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Fallen hero honored with memorial bench

A simple bench now sits along the edge of New Richmond's Veterans Park, serving as a resting place for visitors of the Armed Services Memorial nearby.

Etched in the black stone is a message of remembrance to a fallen hero who once called this city home.

"In loving memory of AW1 Cory James Helman, Aug. 14, 1979-Jan. 26, 2007," is written in bright white lettering. "I served my country, my job is done. Now I'll serve my Lord, the Almighty One."

Family and friends gathered Saturday to unveil and dedicate the newly placed bench. An emotional ceremony was also conducted to remember the Navy serviceman who died in a helicopter crash while training for an anticipated deployment overseas.

Mayor David Schnitzler said it was an honor for him to be asked to participate in the special ceremony.

Just days following the seventh anniversary of the Sept. 11 attacks on the East Coast, Schnitzler said it was the perfect time to remember a serviceman who made the ultimate sacrifice in defense of our nation's ideals.

"Without Cory and others like him, we would be in a lot of big trouble," Schnitzler said.

Schnitzler recalled a recent funeral for a fallen soldier he attended where the pastor compared each person's life to that of a book.

"Some are thick and some are a little bit smaller," he said. "Apparently Cory's book was a little smaller, but the quantity and the words in that book are huge."

Lisa Green and Amy Munson, classmates of Cory, talked about their memories of their friend.

Green recalled many funny stories of Cory's antics and expected visits, and of the life changes that they each experienced over the past few years.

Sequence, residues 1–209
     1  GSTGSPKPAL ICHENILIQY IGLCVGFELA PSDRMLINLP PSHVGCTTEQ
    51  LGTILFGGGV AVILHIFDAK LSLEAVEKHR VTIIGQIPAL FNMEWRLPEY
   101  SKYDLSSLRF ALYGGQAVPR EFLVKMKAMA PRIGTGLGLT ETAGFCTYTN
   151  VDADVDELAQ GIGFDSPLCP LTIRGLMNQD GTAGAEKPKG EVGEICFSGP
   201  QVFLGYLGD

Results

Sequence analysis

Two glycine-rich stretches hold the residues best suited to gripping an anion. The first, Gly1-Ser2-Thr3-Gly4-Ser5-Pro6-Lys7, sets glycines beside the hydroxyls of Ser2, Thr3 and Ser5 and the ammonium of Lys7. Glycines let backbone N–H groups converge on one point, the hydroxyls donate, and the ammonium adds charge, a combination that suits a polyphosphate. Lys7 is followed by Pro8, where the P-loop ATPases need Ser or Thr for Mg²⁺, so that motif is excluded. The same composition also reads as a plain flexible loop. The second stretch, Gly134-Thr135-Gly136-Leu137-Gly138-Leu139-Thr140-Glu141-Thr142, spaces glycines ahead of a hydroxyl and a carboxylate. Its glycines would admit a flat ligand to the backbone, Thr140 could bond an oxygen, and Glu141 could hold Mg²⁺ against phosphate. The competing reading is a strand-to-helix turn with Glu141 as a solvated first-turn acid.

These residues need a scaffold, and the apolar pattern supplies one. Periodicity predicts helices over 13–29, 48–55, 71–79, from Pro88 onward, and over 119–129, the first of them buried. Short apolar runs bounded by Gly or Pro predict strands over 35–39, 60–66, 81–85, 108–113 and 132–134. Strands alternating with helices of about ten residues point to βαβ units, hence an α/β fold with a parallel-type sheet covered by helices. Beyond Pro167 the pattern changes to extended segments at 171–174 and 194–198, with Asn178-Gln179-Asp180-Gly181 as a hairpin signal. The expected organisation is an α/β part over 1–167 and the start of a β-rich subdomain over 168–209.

"We still have tears of sadness," she told the crowd. "But we are thankful every day for the time we were given with Cory. Our stories are a small piece of who Cory was, but he was our best friend. Cory will not be forgotten because he is our hero, and the hero of many."

Family friend Kathy Bengtson also recalled stories of Cory and his love of family, friends and country.

"Cory would be so proud today to know he was bestowed with this great honor in New Richmond," she said. "Cory wore the orange and black color of the New Richmond Tigers proudly."

Bengtson said he took his local roots seriously and kept in touch with many classmates and friends even during his military service.

"He had a heart of gold," she said. "He was a man who we could all be proud of. Cory never thought he was a hero. He was modest and always put others before himself."

Cory's second cousin, Connie Peters, said she had a special place in her heart for her fallen relative.

"He lived every moment of his life fully," she said. "He died at 27 years old, but I believe he lived his life to the fullest."

She read several Internet posts from friends who continue to feel the loss of Cory from their lives.

Cory's father, Jim, thanked the crowd that gathered under cloudy skies for the unveiling. He thanked the close-knit military family that has provided the Helman's support in the months and years following Cory's death.

"We feel proud to be involved in this ceremony today," he said.

Jim and his wife, Sandy, along with daughter Charity looked on as a blue tarp was peeled back to reveal the new bench, which was made possible by individual and business donations and the efforts of the local American Patriot Riders organization.

Rocci Stucci, president of the American Patriot Riders, thanked the City and local veterans who helped make the bench a reality.

"We did a lot of brat stands," Stucci said. "But we were doing it for such an honorable person and such an honorable family. I woke up in the morning and couldn't wait to get to the brat stand."

He said the citizens of the community went beyond the call of duty to donate toward the bench project.

"We thank Mr. and Mrs. Helman for giving us a true American hero," he said. "It is not how a soldier dies that makes him a hero, but it's what he did when he was alive."